Last Updated on by
To improve security and comply with the Medicare Access and Chip Reauthorization Act of 2015, the Center for Medicare & Medicaid Services, or CMS, declared its intention to begin issuing Medicare Beneficiary Identifiers on Medicare cards.
What are Medicare Beneficiary Identifiers
The Social Security Number Removal Initiative, or SSNRI, minimizes the burdens that the transition places on beneficiaries and care providers. For instance, it will generate and assign some 150 million unique MBIs for new beneficiaries and individuals who have been compromised by identity theft.
It also plans on creating Medicare Beneficiary Identifiers for archived records and those associated with deceased individuals.
Although the Medicare Beneficiary Identifiers format shares the HICN’s 11-character standard, CMS intends for it to be easily distinguishable from the old identifiers and easy to read.
All MBIs will include alphabetic characters at the same positions and exclude individual letters that might be confusable with numbers.
For caregivers, patients, and others who rely on accurate information, the transition should be relatively easy to manage because the MBIs will occupy the same spaces formerly reserved for HICNs within paperwork and health records.
How to Use Your Medicare Card
Whenever you visit your doctor or a healthcare facility for the first time, you need to carry your card. However, once you’ve become a regular client, the facility may make a copy and keep in their records.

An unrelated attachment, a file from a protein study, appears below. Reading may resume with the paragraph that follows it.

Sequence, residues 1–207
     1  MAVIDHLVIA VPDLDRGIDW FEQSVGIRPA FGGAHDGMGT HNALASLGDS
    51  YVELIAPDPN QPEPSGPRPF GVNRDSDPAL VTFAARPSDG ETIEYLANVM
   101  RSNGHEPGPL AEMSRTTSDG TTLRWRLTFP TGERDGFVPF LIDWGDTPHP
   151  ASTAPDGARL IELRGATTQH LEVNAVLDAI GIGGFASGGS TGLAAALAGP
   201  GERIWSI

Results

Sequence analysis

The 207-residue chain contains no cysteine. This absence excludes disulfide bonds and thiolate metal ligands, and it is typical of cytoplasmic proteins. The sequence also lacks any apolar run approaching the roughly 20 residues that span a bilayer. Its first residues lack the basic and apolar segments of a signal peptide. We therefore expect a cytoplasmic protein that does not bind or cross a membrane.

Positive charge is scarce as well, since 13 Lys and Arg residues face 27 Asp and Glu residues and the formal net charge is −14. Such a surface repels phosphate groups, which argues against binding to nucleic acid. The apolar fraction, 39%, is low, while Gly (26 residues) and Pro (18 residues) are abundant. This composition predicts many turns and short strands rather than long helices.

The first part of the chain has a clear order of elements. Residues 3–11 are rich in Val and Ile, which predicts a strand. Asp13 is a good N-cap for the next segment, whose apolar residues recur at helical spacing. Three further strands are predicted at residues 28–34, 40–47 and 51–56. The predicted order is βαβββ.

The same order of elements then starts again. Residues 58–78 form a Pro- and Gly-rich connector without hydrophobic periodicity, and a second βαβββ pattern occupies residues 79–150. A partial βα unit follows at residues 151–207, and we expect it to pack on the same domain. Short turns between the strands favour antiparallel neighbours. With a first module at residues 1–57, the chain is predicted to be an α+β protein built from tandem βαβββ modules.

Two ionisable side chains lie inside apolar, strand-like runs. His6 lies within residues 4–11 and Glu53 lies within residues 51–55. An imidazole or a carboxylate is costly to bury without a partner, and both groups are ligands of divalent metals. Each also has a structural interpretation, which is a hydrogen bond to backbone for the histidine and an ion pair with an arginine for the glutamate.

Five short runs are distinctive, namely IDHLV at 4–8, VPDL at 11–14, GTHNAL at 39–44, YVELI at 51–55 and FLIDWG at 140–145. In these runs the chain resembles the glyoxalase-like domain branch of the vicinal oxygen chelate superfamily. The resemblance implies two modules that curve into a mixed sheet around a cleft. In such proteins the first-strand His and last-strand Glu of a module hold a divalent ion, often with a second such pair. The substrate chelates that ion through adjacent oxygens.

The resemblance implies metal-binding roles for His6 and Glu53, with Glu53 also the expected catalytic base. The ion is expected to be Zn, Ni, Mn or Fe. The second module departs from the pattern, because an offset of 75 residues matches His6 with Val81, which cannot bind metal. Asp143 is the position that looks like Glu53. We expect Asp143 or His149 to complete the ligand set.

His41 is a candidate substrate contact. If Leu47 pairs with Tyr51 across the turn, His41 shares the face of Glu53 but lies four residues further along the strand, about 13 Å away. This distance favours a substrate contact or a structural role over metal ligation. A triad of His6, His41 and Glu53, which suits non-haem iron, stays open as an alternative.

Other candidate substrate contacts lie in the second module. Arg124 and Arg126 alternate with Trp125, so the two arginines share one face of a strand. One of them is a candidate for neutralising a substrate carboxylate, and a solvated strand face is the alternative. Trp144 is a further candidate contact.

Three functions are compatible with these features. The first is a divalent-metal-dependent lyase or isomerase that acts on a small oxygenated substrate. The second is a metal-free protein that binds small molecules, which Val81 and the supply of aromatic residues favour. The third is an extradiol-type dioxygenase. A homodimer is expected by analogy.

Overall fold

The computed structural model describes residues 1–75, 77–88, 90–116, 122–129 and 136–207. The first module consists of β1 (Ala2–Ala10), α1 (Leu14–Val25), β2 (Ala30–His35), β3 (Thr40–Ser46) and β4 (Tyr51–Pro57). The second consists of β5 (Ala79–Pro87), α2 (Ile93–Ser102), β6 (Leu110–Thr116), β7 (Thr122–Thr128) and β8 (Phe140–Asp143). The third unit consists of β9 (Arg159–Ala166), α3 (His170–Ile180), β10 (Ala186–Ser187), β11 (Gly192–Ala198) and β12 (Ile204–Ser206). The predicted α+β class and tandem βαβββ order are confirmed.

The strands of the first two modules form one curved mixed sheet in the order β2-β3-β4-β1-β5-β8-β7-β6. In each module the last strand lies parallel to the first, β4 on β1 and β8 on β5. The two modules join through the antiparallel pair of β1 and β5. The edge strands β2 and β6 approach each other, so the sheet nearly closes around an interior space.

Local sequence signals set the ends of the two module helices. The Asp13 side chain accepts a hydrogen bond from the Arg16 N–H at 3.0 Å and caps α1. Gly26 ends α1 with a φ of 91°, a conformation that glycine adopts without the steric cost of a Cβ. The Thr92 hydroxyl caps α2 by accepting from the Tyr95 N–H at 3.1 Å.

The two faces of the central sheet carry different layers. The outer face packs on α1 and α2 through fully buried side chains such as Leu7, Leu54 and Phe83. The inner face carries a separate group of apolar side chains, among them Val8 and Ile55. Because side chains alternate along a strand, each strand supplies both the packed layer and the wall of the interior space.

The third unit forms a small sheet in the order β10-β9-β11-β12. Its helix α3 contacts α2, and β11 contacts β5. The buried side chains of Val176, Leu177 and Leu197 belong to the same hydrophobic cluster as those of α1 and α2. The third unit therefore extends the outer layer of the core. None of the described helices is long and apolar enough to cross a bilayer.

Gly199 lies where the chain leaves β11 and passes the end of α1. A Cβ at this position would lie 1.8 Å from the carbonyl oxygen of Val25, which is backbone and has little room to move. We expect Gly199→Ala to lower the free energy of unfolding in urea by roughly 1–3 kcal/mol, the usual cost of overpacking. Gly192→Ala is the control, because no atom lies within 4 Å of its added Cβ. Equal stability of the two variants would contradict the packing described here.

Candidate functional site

Here are some essential factors to consider when handling your Medicare card:
- Some doctors, pharmacies, labs, or other healthcare facilities may insist on you carrying your card every time you visit the facility. However, if they can accept copies, consider keeping the original at home.
- If you happen to lose your card and get a replacement, make sure you submit a copy of the new card to your doctor for records.
- Never share your ID number or the card itself with anybody apart from your doctor or your healthcare provider.
- Always have your card at hand whenever you make a call to Medicare for queries.
- If you suspect that someone has used your card, contact the Federal Trade Commission for ID theft or your local authorities.
How Do I Get a Medicare Replacement Card?
How to Change the Address on your Medicare Card?
Medicare uses the names and addresses from registering to Social Security. To change your address, log into your social security account, and edit it online. Your ID card is the most critical form of identification you should carry at all times. You must present your card to receive any services covered by Medicare.
Do I Get a Medicare Card for Part C or Part D?
Since private insurance firms offer Part C and Part D, you’ll be issued a separate card from the insurance company. It’s different from the white, red, and blue ID card. It will mainly contain the name of the insurance provider and plan type. In case your Medicare Advantage coverage contains Part D, you’ll need just one card for all your prescription drugs and medical needs.